Sector News

Horizon looks to the future with massive San Francisco manufacturing, R&D plant

December 4, 2019
Life sciences

Horizon Therapeutics, once known for its primary care drugs, is looking to pivot further to rare diseases with the FDA scrutinizing its late-stage inflammatory eye disease candidate.

In the meantime, Horizon is, well, looking to the horizon with a new manufacturing and R&D facility that could help boost its growing pipeline.

Horizon recently opened a 20,000-square-foot facility in South San Francisco that will “feature laboratory space that will enable formulation and process development for manufacturing, as well as bioanalytical method development and other R&D functions,” the company said in a release.

The Irish drugmaker said its position in the city’s well-traveled biotech hub would allow it to form new partnerships with existing companies and institutions in the area.

“We are excited to join the thriving life sciences community of South San Francisco, allowing us the opportunity to connect to newer technologies, leading academic institutions and the dynamic scientific area at large,” Horizon CEO and chairman Timothy Walbert said.

The company didn’t disclose the price of the project or the number of employees that would be hired on but did say it planned to “add new positions in bioanalysis, clinical research, pharmacology, manufacturing and business development during the next year.”

Horizon is taking the plunge in San Francisco as it awaits an FDA priority review for inflammatory eye drug teprotumumab.

In June, Horizon said it planned to add around 40 to 45 sales rep positions in expectation of the drug’s approval. As of that time, Horizon said about 1,200 had submitted their resumes.

Teprotumumab is designed to treat thyroid eye disease (TED), where inflammation in the eyes causes symptoms such as double vision and eye bulging. Horizon got the drug through its $145 million acquisition of River Vision in 2017 on the heels of positive phase 2 results.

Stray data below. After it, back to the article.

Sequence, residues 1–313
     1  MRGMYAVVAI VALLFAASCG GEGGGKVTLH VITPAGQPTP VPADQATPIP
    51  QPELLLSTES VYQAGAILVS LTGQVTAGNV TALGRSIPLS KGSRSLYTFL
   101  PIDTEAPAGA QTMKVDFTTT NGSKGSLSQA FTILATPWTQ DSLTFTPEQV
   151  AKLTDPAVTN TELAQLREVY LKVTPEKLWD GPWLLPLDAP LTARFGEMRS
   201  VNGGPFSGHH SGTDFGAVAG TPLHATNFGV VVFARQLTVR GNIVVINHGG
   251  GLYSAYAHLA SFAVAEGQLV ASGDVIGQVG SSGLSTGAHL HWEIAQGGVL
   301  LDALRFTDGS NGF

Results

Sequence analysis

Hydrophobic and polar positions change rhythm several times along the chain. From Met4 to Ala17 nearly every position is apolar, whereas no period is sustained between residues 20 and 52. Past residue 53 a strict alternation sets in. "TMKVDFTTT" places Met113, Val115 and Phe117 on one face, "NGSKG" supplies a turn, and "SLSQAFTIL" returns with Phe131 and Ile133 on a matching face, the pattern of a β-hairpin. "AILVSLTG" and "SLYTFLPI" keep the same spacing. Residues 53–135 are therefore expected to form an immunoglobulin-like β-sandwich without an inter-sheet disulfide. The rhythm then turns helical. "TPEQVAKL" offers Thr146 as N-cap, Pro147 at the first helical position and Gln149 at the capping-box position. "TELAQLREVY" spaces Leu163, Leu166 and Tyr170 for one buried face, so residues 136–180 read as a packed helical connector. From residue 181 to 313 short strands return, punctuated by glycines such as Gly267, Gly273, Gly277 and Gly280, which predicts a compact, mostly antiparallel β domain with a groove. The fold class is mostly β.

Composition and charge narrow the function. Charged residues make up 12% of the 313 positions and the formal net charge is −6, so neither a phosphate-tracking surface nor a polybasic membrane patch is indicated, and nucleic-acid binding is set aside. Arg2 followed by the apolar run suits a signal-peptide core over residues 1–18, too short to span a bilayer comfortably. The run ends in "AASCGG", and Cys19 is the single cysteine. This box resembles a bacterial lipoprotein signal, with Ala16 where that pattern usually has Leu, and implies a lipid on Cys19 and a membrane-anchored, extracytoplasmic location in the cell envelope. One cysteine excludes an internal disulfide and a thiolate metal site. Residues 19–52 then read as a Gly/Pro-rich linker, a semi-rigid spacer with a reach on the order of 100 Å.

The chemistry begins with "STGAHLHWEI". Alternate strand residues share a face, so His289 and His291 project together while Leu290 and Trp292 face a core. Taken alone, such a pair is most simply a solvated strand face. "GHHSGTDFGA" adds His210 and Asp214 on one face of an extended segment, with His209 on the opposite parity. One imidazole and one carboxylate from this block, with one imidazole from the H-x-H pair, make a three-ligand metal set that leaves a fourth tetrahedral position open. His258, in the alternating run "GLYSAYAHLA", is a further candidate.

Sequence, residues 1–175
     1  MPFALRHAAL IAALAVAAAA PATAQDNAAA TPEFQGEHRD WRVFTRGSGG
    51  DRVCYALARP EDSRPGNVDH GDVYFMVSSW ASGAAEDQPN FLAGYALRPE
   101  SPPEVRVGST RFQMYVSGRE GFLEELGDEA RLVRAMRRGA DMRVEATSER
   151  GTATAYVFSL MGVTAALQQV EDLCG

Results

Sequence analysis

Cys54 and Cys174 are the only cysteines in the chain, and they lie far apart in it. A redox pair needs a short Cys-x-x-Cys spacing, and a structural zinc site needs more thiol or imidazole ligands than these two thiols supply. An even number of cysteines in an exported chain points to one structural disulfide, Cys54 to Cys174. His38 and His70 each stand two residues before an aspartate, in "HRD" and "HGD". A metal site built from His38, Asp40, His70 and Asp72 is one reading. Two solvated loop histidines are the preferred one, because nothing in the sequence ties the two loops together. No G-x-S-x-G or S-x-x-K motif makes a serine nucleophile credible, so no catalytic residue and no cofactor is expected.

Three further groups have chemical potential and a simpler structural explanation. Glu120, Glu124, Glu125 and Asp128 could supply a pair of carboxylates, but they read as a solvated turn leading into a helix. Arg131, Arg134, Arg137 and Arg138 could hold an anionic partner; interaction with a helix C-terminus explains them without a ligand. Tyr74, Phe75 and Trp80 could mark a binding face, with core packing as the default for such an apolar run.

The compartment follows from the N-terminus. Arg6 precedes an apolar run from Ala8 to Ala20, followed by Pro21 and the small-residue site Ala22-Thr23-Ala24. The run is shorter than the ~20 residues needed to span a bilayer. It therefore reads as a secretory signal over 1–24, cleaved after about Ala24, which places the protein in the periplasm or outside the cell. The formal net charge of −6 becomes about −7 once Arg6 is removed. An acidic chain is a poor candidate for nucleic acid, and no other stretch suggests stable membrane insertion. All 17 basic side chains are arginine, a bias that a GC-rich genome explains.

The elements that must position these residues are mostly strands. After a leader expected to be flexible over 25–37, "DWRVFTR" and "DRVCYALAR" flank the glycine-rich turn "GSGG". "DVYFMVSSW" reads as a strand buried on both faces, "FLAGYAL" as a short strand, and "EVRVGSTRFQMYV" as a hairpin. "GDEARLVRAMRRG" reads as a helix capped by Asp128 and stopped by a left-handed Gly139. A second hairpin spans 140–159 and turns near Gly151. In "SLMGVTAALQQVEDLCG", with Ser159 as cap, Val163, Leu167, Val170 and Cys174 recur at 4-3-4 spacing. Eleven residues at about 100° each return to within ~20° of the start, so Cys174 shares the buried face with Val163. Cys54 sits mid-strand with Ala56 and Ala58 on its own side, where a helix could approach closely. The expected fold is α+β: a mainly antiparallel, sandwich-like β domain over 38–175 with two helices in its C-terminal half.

In September, the med received a priority review designation from the FDA, putting it on the fast course to an approval. Jefferies analysts said the drug could settle in around $150,000 per course of treatment once it hits the market.

The teprotumumab sales team will target 6,000 to 7,000 physicians, including 700 ocular plastic surgeons. Currently, patients often progress into inactive TED and could undergo surgery to reduce bulging eyes, Walbert told analysts in June.

Horizon recently began to shift its portfolio from primary care to one heavy in rare diseases and rheumatology. Primary care drugs made up 85% of sales in 2014, while rare disease assets contributed 69% to the company’s 2018 revenues, the Jefferies analysts noted. And to mark its transition to an R&D-focused strategy, the company just recently changed the ending of its name from “Pharma” to “Therapeutics.”

While Horizon continues to look at potential acquisitions, management believes it can still double revenues from the existing portfolio in the coming years, driven mainly by teprotumumab and gout drug Krystexxa, Jefferies said.

By Kyle Blankenship

Source: Fierce Pharma

comments closed

Related News

January 29, 2023

Colorcon, Inc. signs Put agreement with intent to acquire controlled atmosphere packaging specialist Airnov Healthcare Packaging

Life sciences

Airnov provides critical healthcare industries with high-quality, controlled atmosphere packaging, to protect their products from moisture and oxygen. The business has manufacturing facilities in the USA, France, China and India and employs around 700 people.

January 29, 2023

Takeda pledges up to $1.13B for rights to Hutchmed’s cancer drug fruquintinib outside of China

Life sciences

Takeda of Japan has partnered with Hong Kong-based Hutchmed, gaining the commercial rights to colorectal cancer drug fruquintinib outside of China for $400 million up front, plus $730 million in potential milestone payments. Takeda also will help develop fruquintinib, which can be applied to subtypes of refractory metastatic colorectal cancer, regardless of biomarker status, the companies said.

January 29, 2023

Vir taps Bayer dealmaker Marianne De Backer as its next CEO

Life sciences

On April 3, Scangos, who’s been chief executive officer at Vir since the start of 2017, will hand over the reins to Marianne De Backer, Ph.D. De Backer comes over from Bayer, where she currently heads up pharmaceutical strategy, business development and licensing. Alongside her CEO appointment, De Backer is set to join Vir’s board of directors, the company said Wednesday.

How can we help you?

We're easy to reach